Each year, millions of dollars are spent correcting and replacing floor finishes the have been damaged by moisture migration. At Zenith Painting and Coatings, we specialize in concrete flooring and moisture testing. Our team of professionals are experienced and have years of knowledge to help mitigate all concrete moisture issues. We know that concrete issues can be difficult to understand. Here is a list of the “concrete things you should know” before starting any new concrete projects!

Cement vs Concrete

Cement is an essential building material. There are 5 types of cement with the most common mixture being type 1. Type 1 cement is made to form mortar which can be used in many different building environments. Cement type 1 is made by mixing sand, water, and when coarse and fine aggregates are added, this mixture transforms into concrete.

Concrete is made when cement, water, sand, are mixed together with coarse and fine aggregates. As the compound is being mixed, the different elements combined creates a chemical reaction. This chemical reaction then turns into paste otherwise known as concrete.

Why is Moisture Testing Essential?

Residual moisture in concrete will cause serious floor damage over time. Floor coverings often fail due to moisture-related concrete problems. Many property owners need to be concerned with the effects of residual moisture in the foundation of their buildings as well as on any overlay. Floor coatings, carpet, vinyl, rubber, wood, and laminates are all affected to one degree or another by pH complications and excess water vapor emissions.

Methods of Moisture Testing

ASTM D 4263 (plastic sheet method)– Contractors place a sheet of thick plastic over the layed cement for 16-24 hours. The plastic sheet will then be examined for any moisture that has been collected under the sheet. This method of testing can tell contractors whether or not there is moisture present, but it cannot tell them how much. This method  is rarely used due to its inaccuracies.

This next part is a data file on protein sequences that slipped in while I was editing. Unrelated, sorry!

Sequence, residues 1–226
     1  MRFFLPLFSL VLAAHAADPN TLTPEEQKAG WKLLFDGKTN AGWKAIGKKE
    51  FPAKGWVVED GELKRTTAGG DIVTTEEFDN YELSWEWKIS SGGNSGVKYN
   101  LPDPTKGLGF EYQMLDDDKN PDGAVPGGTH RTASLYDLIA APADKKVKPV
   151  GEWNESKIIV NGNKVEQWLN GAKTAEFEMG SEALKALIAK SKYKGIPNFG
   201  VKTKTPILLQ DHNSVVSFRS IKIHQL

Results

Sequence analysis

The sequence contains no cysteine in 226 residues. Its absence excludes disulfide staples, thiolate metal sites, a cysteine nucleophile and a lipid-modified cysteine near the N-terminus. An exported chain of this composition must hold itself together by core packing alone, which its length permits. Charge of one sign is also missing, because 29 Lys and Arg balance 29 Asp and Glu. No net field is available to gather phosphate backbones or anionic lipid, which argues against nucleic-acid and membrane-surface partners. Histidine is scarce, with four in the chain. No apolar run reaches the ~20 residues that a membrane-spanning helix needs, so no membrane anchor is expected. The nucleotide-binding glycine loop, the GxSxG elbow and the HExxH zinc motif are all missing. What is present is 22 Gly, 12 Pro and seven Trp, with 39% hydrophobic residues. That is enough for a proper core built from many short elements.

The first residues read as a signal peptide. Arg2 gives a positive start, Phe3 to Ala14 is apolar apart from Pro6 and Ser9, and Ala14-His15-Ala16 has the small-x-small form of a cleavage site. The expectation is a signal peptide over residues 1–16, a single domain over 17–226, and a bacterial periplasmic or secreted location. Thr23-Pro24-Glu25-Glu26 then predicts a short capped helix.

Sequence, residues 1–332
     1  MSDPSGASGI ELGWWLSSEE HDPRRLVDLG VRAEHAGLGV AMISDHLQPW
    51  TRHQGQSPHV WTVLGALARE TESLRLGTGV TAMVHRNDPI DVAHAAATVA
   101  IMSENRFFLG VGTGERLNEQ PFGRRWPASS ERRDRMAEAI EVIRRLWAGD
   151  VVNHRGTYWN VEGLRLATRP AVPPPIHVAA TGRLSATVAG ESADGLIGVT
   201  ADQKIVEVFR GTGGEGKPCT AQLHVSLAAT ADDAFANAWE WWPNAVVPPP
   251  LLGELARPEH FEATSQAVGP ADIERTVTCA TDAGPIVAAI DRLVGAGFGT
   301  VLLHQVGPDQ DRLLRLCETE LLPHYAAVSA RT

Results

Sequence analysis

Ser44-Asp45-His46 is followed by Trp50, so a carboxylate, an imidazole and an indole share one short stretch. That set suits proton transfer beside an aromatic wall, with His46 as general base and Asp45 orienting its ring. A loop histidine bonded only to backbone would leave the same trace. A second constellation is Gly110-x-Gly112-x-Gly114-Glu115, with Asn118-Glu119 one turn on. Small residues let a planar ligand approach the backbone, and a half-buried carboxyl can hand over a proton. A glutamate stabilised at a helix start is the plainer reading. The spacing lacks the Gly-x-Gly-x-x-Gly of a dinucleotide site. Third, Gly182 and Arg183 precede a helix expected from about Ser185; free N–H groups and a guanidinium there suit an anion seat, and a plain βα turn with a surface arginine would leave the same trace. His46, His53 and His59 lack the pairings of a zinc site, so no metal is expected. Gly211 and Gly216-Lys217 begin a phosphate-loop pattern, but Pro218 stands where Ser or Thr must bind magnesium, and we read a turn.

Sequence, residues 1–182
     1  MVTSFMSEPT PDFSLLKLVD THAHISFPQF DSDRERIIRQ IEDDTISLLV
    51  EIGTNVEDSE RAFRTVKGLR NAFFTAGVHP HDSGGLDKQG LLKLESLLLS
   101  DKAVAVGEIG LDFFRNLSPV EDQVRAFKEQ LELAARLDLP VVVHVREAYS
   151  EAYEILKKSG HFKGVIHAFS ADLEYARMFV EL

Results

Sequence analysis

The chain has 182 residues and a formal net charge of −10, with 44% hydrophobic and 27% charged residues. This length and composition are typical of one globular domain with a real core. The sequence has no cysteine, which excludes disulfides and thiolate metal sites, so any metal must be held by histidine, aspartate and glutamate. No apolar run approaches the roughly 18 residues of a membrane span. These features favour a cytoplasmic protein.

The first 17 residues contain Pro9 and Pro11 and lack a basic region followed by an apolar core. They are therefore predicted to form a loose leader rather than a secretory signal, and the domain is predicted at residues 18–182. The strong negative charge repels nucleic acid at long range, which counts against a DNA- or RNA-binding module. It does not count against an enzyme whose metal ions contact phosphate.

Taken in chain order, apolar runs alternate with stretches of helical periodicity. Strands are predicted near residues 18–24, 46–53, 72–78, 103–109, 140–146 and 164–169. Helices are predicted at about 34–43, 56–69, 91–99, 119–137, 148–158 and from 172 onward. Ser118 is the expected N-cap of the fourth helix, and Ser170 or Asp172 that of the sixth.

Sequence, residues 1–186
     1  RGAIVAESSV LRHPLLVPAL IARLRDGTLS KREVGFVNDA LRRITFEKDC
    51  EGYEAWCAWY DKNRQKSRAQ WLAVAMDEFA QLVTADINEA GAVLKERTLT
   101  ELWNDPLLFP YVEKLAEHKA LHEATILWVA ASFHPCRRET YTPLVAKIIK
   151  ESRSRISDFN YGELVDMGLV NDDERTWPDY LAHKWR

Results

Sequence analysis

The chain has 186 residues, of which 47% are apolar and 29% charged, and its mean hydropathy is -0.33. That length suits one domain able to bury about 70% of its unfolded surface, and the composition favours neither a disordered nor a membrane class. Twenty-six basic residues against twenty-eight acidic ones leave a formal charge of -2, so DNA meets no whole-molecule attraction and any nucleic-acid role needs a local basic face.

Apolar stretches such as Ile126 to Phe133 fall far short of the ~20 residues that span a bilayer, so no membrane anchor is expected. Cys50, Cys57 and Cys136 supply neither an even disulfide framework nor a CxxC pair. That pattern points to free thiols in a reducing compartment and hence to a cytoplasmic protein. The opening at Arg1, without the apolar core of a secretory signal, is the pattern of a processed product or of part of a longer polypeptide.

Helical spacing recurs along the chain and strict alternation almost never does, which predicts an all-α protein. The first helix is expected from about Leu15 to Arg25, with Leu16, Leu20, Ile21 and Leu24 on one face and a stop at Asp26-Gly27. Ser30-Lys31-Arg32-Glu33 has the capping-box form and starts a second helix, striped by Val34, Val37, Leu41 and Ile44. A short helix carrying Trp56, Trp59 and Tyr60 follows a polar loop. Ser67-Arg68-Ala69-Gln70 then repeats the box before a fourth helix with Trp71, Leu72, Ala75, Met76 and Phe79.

ASTM F-1869 (calcium chloride)– This method of testing was developed more than 40 years ago and was the standardized testing method until ASTM F 2170 was released. As a substance, calcium chloride has the ability to absorb moisture which enables contractors to weigh the calcium chloride before and after to determine how much moisture is present. The testing is conducted by starting off with pre-weighed calcium chloride which is then placed in trays on the concrete. The tray is then covered and sealed with a plastic sheet and left to cure for 60-72 hours. After it has cured, the calcium chloride will be weighed again to determine the amount of moisture present in the concrete.

ASTM F 2170– In this testing method, holes are drilled into the concrete, cleaned, and left to equilibrate for 72 hours. Probes are then inserted to collect relative humidity and temperature readings from 40% depth. This is by far the most effective and efficient way to detect moisture vapor emissions. This is also the recommended testing method by ASTM standards.

What is a Moisture Mitigation System?

Moisture mitigation systems are only necessary when there are confirmed moisture issues present within the concrete. These systems work by isolating moisture to protect floor finishes.

At Zenith Painting and Coatings we know exactly how to handle all moisture emission issues. Call us today to schedule your appointment!